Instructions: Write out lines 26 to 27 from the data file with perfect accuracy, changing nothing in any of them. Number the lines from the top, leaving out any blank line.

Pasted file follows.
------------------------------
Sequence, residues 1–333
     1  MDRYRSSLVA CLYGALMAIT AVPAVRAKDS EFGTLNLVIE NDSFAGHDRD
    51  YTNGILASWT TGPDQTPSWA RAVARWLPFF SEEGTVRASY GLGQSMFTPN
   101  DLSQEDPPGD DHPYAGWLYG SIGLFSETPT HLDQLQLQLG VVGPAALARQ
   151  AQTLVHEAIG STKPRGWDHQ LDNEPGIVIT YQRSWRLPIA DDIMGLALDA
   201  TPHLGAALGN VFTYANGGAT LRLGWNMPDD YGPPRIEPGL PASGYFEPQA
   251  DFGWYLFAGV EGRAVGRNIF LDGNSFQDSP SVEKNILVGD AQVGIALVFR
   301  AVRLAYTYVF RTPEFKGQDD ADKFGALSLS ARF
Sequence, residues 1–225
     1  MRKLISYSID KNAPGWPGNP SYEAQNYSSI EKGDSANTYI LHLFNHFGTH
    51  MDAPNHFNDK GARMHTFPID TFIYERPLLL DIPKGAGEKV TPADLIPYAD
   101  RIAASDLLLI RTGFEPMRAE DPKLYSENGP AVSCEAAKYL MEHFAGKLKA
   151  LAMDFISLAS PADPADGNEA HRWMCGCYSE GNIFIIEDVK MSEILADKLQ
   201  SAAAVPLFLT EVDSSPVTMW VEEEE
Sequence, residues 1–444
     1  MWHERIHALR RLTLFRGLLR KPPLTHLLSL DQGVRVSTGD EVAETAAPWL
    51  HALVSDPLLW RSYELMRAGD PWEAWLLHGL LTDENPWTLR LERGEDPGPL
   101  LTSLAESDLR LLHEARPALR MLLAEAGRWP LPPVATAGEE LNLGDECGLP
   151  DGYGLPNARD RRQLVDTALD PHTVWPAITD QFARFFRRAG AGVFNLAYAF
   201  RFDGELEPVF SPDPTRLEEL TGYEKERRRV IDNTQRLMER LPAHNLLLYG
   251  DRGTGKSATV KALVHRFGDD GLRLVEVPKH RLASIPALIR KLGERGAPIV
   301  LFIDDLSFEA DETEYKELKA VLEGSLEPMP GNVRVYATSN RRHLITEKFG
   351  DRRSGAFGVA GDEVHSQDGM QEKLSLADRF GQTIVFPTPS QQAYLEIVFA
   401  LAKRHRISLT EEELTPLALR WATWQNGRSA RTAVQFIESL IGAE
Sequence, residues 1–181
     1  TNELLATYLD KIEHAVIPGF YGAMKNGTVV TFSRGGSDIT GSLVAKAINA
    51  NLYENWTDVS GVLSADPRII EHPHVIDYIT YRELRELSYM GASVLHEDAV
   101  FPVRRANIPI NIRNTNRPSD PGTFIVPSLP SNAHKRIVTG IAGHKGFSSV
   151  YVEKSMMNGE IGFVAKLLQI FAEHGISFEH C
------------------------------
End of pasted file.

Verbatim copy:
     1  TNELLATYLD KIEHAVIPGF YGAMKNGTVV TFSRGGSDIT GSLVAKAINA
    51  NLYENWTDVS GVLSADPRII EHPHVIDYIT YRELRELSYM GASVLHEDAV